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5.5: Music of Ludwig van Beethoven (1770-1827)

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    Beethoven was born in Bonn in December of 1770. As you can see from the map at the beginning of this chapter, Bonn sat at the Western edge of the German- ic lands, on the Rhine River. Those in Bonn were well-acquainted with traditions of the Netherlands and of the French; they would be some of the first to hear of the revolutionary ideas coming out of France in the 1780s. The area was ruled by the Elector of Cologne. As the Kapellmeister for the Elector, Beethoven’s grandfather held the most important musical position in Bonn; he died when Beethoven was three years old. Beethoven’s father, Johann Beethoven, sang in the Electoral Chapel his entire life. While he may have provided his son with music lessons at an early stage of Ludwig’s life, it appears that Johann had given into alcoholism and depression, especially after the death of Maria Magdalena Keverich (Johann’s wife and Ludwig’s mother) in 1787.

    Although hundreds of miles east of Vienna, the Electorate of Cologne was un- der the jurisdiction of the Austrian Habsburg empire that was ruled from this Eastern European city. The close ties between these lands made it convenient for the Elector, with the support of the music-loving Count Ferdinand Ernst Gabriel von Waldstein (1762-1823), to send Beethoven to Vienna to further his music training. Ferdinand was the youngest of an aristocratic family in Bonn. He greatly support- ed the arts and became a patron of Beethoven. Beethoven’s first stay in Vienna in 1787 was interrupted by the death of his mother. In 1792, he returned to Vienna for good.

    Perhaps the most universally-known fact of Beethoven’s life is that he went deaf. You can read entire books on the topic; for our present purposes, the timing of his hearing loss is most important. It was at the end of the 1790s that Beethoven first recognized that he was losing his hearing. By 1801, he was writing about it to his most trusted friends. It is clear that the loss of his hearing was an existential crisis for Beethoven. During the fall of 1802, he composed a letter to his brothers that included his last will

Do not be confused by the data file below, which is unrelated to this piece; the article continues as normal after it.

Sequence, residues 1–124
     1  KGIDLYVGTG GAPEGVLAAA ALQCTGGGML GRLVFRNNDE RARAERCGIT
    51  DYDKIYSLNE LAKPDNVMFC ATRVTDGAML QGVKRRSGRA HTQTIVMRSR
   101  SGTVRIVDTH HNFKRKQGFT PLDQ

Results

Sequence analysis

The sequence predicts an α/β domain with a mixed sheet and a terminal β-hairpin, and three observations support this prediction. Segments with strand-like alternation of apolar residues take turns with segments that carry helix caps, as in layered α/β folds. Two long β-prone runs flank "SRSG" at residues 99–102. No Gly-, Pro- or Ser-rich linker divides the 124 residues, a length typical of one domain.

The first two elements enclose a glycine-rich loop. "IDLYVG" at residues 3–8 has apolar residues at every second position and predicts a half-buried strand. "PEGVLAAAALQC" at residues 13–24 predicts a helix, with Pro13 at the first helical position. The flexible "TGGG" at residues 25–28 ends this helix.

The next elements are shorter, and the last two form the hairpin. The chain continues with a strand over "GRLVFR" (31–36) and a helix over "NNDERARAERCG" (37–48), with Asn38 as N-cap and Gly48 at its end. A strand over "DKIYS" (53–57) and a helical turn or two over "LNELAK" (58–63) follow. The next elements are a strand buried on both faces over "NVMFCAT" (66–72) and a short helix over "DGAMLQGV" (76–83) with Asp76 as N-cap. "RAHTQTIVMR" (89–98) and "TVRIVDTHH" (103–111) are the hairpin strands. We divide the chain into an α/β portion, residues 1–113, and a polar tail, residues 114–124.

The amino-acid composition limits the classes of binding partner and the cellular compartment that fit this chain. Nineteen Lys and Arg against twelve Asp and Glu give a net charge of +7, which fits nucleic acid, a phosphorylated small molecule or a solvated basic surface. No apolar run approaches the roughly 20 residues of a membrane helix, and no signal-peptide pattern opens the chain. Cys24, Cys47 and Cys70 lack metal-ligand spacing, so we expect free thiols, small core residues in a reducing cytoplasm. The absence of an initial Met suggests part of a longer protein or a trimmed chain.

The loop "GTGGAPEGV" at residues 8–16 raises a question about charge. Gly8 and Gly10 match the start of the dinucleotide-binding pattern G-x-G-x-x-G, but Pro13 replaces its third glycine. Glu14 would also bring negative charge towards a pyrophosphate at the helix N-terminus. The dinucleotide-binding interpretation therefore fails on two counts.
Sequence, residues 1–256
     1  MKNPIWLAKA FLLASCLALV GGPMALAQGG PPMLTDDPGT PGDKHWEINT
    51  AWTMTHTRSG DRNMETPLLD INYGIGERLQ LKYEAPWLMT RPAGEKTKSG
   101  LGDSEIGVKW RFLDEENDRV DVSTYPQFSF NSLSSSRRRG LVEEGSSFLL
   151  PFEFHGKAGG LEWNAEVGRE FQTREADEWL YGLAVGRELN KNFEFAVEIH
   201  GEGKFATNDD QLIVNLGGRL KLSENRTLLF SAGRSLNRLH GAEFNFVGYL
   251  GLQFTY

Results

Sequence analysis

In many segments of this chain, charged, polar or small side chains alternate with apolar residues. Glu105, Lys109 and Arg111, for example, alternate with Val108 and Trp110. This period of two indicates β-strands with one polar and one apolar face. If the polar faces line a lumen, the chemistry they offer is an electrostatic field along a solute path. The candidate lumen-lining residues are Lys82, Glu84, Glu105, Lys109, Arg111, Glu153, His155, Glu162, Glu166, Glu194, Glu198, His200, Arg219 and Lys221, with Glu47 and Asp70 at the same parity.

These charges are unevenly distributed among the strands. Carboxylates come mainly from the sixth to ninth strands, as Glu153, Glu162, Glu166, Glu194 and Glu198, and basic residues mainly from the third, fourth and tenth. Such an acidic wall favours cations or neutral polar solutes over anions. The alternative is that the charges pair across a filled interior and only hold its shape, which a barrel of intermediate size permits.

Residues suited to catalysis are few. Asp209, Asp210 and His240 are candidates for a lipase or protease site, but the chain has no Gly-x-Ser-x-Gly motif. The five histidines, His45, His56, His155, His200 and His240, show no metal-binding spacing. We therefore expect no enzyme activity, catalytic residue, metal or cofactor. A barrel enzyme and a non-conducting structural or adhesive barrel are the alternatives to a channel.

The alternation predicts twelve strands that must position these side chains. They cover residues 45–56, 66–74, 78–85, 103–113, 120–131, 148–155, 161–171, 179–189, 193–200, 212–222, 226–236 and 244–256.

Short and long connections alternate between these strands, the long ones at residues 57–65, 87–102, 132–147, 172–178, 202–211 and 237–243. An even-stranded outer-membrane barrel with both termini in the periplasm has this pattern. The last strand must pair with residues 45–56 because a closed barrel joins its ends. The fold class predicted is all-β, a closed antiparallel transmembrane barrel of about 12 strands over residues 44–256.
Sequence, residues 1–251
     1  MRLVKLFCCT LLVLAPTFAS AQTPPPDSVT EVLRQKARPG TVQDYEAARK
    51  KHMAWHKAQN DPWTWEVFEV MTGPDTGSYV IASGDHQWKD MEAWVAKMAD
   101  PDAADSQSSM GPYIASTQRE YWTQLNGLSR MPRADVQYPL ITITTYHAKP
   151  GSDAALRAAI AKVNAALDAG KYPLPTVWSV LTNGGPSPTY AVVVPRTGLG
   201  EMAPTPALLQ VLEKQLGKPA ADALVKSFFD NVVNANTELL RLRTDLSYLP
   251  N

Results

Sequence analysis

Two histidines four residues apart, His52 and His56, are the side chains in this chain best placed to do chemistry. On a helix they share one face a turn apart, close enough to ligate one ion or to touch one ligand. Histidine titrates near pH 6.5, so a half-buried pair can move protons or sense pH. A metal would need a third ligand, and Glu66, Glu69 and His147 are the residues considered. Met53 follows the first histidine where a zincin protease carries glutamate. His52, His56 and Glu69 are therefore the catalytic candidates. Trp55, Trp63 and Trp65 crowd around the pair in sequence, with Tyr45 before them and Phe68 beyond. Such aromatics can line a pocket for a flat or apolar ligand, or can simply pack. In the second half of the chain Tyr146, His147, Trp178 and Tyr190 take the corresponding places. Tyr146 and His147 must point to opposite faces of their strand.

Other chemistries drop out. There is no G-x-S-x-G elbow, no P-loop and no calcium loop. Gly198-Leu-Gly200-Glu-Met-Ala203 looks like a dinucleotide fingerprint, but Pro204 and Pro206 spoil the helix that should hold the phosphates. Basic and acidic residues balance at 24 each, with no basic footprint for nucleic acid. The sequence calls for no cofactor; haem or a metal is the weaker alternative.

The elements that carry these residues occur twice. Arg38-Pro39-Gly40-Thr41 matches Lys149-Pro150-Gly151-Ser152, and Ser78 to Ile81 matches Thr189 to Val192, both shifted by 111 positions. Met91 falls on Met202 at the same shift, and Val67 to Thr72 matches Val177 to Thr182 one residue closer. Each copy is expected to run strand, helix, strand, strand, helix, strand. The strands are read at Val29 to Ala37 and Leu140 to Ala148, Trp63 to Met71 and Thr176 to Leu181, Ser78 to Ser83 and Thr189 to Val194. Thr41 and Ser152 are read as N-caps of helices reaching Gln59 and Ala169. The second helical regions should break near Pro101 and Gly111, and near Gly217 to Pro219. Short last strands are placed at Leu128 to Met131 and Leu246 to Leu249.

and testament, a document that we’ve come to know as the “Heiligenstadt Testament” named
    after the small town of Heiligenstadt, north of the Viennese city center, where he was staying.
    To view the Testament go to

    The “Heiligenstadt Testament” provides us insight to Beethoven’s heart and mind. Most striking is his statement that his experiences of social alienation, connected to his hearing loss, “drove me almost to despair, a little more of that and I have ended my life—it was only my art that held me back.” The idea that Beethoven found in art a reason to live suggests both his valuing of art and a certain self-awareness of what he had to offer music. Beethoven and his physicians tried various means to counter the hearing loss and improve his ability to function in society. By 1818, however, Beethoven was completely deaf.

    Beethoven had a complex personality. Although he read the most profound philosophers of his day and was compelled by lofty philosophical ideals, his own writing was broken and his personal accounts show errors in basic math.

    Screen Shot 2020-06-24 at 12.25.41 AM.png
    Figure \(\PageIndex{1}\): Ludwig van Beethoven by Joseph Karl Stieler. Source: Wikimedia

    He craved close human relationships yet had difficulty sustaining them. By 1810, he had secured a lifetime annuity from local noblemen, meaning that Beethoven never lacked for money. Still, his letters—as well as the accounts of contemporaries—suggest a man suspicious of others and preoccupied with the compensation he was receiving.

    5.7.1 Overview of Beethoven’s Music